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11 February 2011
Cardiff University hosted a conference this week on the future of food sustainability research in the light of the current resource pressures threatening our natural environment and threats to global food security.
Organised by the University’s ESRC Centre for Business Relationships, Accountability, Sustainability & Society (BRASS), the event focused on the role of social science research in understanding and promoting sustainable food systems and marked nearly a decade of BRASS research in this field.
The conference ‘Researching Food Sustainability: Reflections, Challenges and the Future Agenda’ brought together researchers, policymakers and practitioners in the field to review developments over the past decade and assess future challenges.
The first day of the conference reflected on the evolution of food sustainability research and discussed the implications for future research. The speakers included Professor Terry Marsden, Director of the Sustainable Places Research Institute, Professor Kevin Morgan of the School of City & Regional Planning, and Professor Alan Malcolm, Director of the Oxford International Biomedical Centre. Themes ranged from food regulation and governance, to public procurement, sustainable supply chains, biosecurity and agricultural restructuring.
Day two of the conference assessed current knowledge gaps and considered the need to develop more strategic approaches to sustainable food policy and research. Wynfford James, Head of Food & Market Development Division of the Welsh Assembly Government, reflected on over a decade of agri-food policy making in Wales. Futurologist Hardin Tibbs, Associate Fellow at the Saïd Business School, Oxford University, followed by outlining a series of future scenarios for the food sector, and led a discussion on future research priorities.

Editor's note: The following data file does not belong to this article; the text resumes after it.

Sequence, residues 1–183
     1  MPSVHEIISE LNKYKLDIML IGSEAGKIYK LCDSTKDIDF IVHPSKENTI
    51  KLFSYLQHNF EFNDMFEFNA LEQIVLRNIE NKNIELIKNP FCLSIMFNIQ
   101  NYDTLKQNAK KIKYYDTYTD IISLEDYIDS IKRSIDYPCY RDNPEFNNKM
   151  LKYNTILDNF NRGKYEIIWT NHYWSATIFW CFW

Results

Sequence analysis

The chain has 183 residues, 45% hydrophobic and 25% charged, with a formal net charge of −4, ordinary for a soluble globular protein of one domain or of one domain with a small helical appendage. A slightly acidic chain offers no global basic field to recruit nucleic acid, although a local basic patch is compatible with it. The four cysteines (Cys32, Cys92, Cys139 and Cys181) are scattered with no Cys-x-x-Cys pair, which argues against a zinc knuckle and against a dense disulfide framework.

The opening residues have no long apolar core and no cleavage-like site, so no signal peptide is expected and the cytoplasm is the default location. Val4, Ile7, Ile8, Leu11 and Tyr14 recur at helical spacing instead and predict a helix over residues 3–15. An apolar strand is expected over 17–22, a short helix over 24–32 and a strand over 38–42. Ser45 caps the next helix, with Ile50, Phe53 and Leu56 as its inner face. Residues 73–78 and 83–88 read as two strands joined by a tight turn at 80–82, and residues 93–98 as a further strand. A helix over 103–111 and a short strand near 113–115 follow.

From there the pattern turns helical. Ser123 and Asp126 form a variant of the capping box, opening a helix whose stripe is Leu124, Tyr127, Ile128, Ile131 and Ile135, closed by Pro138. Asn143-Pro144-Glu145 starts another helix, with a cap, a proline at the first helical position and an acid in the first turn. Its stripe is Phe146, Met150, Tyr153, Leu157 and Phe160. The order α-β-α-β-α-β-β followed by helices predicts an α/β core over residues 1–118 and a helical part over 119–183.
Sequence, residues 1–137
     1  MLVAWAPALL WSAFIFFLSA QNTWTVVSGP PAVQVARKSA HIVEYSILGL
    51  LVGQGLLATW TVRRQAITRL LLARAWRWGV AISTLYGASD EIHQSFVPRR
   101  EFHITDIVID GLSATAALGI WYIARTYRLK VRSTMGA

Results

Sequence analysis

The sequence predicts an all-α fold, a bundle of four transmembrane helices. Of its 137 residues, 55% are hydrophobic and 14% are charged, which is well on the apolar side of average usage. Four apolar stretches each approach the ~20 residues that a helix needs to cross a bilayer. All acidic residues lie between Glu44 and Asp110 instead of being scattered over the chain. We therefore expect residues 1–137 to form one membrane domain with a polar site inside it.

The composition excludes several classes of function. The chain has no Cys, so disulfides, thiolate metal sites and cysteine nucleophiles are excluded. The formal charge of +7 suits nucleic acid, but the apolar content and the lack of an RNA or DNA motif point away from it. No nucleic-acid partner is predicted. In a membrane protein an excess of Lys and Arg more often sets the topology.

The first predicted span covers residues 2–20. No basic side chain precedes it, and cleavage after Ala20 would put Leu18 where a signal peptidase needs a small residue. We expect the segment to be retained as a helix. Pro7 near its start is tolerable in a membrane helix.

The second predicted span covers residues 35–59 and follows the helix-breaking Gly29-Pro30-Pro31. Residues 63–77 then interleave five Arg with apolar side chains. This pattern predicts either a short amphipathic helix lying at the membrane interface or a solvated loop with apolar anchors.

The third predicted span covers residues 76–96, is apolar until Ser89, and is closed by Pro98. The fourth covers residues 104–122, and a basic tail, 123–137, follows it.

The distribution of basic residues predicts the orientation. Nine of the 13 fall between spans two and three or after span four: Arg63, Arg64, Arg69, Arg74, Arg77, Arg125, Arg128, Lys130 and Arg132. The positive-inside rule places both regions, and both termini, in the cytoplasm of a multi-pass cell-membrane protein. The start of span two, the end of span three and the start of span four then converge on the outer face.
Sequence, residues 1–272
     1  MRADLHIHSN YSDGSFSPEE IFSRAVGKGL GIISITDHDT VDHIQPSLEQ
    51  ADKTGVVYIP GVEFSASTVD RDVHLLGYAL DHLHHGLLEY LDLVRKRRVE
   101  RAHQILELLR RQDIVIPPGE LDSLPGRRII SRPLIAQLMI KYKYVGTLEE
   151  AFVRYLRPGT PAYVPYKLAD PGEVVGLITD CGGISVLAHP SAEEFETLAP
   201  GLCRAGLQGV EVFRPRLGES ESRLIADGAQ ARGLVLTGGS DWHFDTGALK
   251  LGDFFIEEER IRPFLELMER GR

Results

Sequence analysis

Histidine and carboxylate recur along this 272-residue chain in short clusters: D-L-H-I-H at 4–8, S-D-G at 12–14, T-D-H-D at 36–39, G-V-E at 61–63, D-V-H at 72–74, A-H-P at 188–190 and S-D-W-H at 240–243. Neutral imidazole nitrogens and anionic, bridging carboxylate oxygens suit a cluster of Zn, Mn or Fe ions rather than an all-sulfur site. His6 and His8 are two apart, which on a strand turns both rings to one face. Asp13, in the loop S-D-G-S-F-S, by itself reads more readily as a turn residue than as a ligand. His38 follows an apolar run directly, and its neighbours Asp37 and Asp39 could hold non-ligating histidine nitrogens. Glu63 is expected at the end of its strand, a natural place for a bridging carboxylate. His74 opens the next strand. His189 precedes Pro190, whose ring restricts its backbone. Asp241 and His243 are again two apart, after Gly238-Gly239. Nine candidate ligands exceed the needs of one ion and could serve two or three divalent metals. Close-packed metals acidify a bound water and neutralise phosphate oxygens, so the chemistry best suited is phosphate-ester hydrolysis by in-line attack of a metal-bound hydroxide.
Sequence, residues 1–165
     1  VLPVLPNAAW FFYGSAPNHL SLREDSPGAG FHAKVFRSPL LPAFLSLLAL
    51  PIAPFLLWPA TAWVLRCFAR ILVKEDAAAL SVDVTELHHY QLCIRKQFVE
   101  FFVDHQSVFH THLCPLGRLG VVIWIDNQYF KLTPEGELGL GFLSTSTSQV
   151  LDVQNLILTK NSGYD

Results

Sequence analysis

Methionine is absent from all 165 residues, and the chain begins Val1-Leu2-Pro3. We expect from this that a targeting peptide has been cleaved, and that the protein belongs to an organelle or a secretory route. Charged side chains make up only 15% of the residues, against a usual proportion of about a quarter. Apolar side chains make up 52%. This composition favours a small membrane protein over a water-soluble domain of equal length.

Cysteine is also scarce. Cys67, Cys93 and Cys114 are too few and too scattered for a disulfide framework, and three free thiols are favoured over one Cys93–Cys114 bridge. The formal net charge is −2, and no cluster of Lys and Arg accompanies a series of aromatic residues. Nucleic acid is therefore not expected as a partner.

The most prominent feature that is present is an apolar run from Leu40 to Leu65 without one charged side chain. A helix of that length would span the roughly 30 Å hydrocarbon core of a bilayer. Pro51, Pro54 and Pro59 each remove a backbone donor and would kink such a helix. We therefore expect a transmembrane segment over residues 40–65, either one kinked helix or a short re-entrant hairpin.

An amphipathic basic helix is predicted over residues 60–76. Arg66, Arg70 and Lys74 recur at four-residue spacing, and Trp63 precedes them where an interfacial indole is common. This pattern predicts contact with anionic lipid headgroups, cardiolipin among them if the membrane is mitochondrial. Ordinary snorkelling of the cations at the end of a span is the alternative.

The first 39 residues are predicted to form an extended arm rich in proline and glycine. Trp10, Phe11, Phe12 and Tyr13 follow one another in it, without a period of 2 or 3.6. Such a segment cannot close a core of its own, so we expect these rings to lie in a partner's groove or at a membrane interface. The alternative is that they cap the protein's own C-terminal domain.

Professor Terry Marsden commented that "the event discussed the critical challenges facing the food system as set out in the recent UK Foresight report ‘The Future of Food and Farming’ as well as the new Welsh Food Strategy. Moreover, these are issues that are increasingly being felt through the current high food prices we are experiencing."
Hardin Tibbs reflected that "the conference was a really good opportunity for researchers at the cutting edge of sustainable food research to come together to chart fruitful future directions for research in this area".
BRASS will publish proposals for a research agenda for social science related food sustainability research based on proceedings from the event.
Notes to Editors
1. Cardiff University
Cardiff University is recognised in independent government assessments as one of Britain’s leading teaching and research universities and is a member of the Russell Group of the UK’s most research intensive universities. Among its academic staff are two Nobel Laureates, including the winner of the 2007 Nobel Prize for Medicine, University President Professor Sir Martin Evans.
Founded by Royal Charter in 1883, today the University combines impressive modern facilities and a dynamic approach to teaching and research. The University’s breadth of expertise in research and research-led teaching encompasses: the humanities; the natural, physical, health, life and social sciences; engineering and technology; preparation for a wide range of professions; and a longstanding commitment to lifelong learning. Three major new Research Institutes, offering radical new approaches to neurosciences and mental health, cancer stem cells and sustainable places were announced by the University in 2010.
Visit the University website at: www.cardiff.ac.uk
2. Centre for Business Relationships, Accountability, Sustainability and Society (BRASS)
The Centre for Business Relationships, Accountability, Sustainability and Society (BRASS) is an ESRC funded interdisciplinary research centre combining expertise from the Business School, the Law School and the School of City and Regional Planning. Research at the centre focuses on business sustainability and corporate social responsibility, and particularly on the relationships between businesses and their key stakeholders (customers, suppliers, investors, workers, local communities and regulators).
BRASS pursues high quality, interdisciplinary social science research and engagement with research users to create knowledge and tools that will promote more sustainable stakeholder relationships amongst and within businesses, society and the environment. The Centre’s research work aims to generate knowledge, skills and learning, and to facilitate practical changes within businesses and policy arenas. www.brass.cf.ac.uk/
The Economic and Social Research Council (ESRC) is the UK's largest organisation for funding research on economic and social issues. It supports independent, high quality research which has an impact on business, the public sector and the third sector. The ESRC’s total expenditure in 2009/10 was about £211 million. At any one time the ESRC supports over 4,000 researchers and postgraduate students in academic institutions and independent research institutes. More at www.esrc.ac.uk
Professor Terry Marsden
Tel: 02920 874308
Dr Adrian Morley
Tel: 02920 876562
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